Fundamental Forecast for Euro: Neutral
- Have a bullish (or bearish) bias on the Euro, but don’t know which pair to use? Use a Euro currency basket.
The Euro’s sideways shuffle continued into the month of May, trading lower by -0.1% versus a basket of currencies over the last five days. In fact, the Euro has done very little of anything the past few weeks, with the same‘long EUR, short AUD, CAD, CHF, GBP, JPY, NZD, and USD’ basket losing a mere -0.03% over the past 20 trading days (four weeks) (this basket is only down by -1.23% YTD). With economic data continuing to churn and offering no clear direction, it’s likely that the neutral inertia of European Central Bank policy is to continue at the upcoming meeting on May 8.
It feels like we’ve been here before, on the cusp of a ECB policy meeting: inflation pressures are neither intensifying nor deflating from their current low levels, which might warrant additional dovish policy action, including non-standard measures such as a large scale asset purchase program; yet the individual country and regional PMI surveys point to ‘green shoots’ (signs of economic growth developing after a downturn).
The April core CPI reading came in this week at +1.0% y/y, as expected, from +0.7% y/y, though the April CPI estimate disappointed at only +0.7% y/y from +0.5% y/y, instead of the forecast +0.8% y/y figure. Whereas these data aren’t enough to dismiss deflation fears, the fact that Euro-Zone PMI Manufacturing has stayed at or above expansionary levels (>50) for 10 consecutive months gives policymakers hope. It’s also unsurprising, then, that policymakers are expressing their desire for a weaker Euro – it would enhance the region’s very preliminary signs of growth returning.
Now that economic data is starting to settle (the Citi Economic Surprise Index ended the week at -10.5, in line with its 20-day average of -9.3), ECB policymakers are going to look beyond the top level picture (which offers no clear direction) and instead focus on various monetary conditions. The overnight interbank lending rate (EONIA) that we’ve cited numerous times the past few weeks as a potential cause for concern is less of a threat even as it persists over the ECB’s reference rate (0.40% (EONIA) versus 0.25% (ECB main refinancing rate).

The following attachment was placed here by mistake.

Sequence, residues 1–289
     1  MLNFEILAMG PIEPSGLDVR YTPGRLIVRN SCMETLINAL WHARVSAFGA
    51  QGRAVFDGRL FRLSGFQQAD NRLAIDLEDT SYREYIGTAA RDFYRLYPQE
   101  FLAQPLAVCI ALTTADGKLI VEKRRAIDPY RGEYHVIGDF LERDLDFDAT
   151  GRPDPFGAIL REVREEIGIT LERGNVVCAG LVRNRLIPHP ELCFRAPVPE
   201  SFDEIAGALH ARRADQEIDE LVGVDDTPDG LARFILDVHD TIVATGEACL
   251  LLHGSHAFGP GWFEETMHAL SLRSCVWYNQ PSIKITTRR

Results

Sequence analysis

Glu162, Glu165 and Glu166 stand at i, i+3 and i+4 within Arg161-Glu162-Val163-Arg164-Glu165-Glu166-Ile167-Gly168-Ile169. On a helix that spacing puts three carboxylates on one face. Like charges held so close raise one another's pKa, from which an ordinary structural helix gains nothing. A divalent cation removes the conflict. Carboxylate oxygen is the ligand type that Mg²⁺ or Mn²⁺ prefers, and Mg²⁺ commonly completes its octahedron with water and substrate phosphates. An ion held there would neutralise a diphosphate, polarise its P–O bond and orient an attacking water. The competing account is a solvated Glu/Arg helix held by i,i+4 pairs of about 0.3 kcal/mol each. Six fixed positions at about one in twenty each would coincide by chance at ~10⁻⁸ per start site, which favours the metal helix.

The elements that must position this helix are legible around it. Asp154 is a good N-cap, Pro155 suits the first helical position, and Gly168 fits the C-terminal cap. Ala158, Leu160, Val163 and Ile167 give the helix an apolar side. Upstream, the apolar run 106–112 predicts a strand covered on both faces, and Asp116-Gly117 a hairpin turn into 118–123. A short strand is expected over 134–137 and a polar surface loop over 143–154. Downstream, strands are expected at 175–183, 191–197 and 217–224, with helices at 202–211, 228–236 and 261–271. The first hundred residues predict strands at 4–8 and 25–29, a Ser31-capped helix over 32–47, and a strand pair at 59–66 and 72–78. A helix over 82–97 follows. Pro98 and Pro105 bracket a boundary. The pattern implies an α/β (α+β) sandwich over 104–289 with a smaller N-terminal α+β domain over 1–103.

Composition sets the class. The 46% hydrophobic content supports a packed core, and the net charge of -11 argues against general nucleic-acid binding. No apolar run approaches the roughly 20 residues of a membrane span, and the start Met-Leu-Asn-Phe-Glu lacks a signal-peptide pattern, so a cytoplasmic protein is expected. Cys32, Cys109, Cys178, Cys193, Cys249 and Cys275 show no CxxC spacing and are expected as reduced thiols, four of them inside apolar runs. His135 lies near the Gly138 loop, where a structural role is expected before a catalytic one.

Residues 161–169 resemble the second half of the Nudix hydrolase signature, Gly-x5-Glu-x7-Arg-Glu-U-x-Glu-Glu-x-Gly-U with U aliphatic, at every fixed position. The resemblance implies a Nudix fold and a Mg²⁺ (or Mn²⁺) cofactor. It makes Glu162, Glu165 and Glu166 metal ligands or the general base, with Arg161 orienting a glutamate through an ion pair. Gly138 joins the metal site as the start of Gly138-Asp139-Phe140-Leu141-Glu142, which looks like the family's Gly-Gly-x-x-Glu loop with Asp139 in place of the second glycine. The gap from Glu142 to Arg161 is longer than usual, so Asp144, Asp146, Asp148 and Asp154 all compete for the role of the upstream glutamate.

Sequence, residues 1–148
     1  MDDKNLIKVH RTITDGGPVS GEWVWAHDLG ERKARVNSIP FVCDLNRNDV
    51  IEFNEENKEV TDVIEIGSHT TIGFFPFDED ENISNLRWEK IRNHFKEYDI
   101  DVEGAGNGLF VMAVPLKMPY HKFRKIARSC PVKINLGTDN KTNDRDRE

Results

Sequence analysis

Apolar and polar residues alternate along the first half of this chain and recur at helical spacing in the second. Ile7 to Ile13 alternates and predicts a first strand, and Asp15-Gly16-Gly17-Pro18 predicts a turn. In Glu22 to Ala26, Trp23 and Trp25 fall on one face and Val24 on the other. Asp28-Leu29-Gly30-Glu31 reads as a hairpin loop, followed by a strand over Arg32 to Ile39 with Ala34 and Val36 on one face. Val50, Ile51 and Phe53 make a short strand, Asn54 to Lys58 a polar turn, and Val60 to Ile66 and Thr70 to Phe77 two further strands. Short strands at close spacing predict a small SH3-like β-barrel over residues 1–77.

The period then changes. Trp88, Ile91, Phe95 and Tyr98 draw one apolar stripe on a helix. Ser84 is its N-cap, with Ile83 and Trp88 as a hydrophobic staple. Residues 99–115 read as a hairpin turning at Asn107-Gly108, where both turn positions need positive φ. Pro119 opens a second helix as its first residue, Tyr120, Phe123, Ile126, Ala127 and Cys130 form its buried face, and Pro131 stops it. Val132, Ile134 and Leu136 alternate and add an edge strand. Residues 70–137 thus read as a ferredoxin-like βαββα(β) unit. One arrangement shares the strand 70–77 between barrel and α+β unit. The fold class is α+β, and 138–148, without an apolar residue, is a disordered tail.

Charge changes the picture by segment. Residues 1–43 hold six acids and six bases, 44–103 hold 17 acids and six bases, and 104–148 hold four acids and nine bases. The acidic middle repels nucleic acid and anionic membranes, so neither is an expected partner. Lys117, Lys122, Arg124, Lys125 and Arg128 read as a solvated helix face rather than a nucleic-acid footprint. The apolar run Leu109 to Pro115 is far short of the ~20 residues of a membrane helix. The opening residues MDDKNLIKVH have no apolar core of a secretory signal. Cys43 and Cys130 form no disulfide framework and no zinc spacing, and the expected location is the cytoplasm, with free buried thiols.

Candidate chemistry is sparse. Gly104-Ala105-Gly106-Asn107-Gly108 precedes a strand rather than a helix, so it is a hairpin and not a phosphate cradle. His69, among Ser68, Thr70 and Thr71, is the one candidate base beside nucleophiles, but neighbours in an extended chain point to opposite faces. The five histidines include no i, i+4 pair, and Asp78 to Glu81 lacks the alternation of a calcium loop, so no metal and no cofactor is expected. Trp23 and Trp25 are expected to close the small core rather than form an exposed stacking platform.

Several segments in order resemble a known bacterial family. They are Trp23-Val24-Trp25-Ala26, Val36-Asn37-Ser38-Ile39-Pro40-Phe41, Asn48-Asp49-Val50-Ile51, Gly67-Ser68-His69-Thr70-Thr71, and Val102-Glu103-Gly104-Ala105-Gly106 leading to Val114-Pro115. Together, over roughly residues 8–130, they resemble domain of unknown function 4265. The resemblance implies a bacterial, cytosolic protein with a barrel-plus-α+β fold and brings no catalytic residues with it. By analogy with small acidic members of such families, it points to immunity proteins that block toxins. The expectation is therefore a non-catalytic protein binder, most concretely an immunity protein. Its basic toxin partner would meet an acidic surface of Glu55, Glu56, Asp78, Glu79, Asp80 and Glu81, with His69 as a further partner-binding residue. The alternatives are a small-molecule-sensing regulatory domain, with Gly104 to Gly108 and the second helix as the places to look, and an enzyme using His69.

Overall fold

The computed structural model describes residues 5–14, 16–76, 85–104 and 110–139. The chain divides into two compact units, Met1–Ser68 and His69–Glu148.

Now that excess liquidity in the Euro-Zone has surged to €160.3B from €80.4B, it’s possible for elevated interbank lending rates cool off in the short-term. This development, alongside the data environment, will take pressure off of the ECB to act aggressively in the near-term. The ECB has made clear its lack of desire to unload a ‘bazooka’ of monetary stimulus during the regional banks’ stress tests, so as to not stir confusion and fear about the health of the Euro-Zone financial system.
Instead, we look to the May policy meeting as more of a ‘filler’ before the June policy meeting, at which the ECB will make adjustments to its economic projections and will have had more inflation data to process in the interim. The three-pronged development of higher core CPI, improved PMI surveys, and increased excess liquidity reduces any immediate need for substantive action, like the unveiling of QE. The ECB must now partake in a careful balancing act, as its dovish policy responses are limited even as President Mario Draghi pays lip service to the hope for a weaker Euro. –CV
To receive reports from this analyst, sign up for Christopher’s distribution list.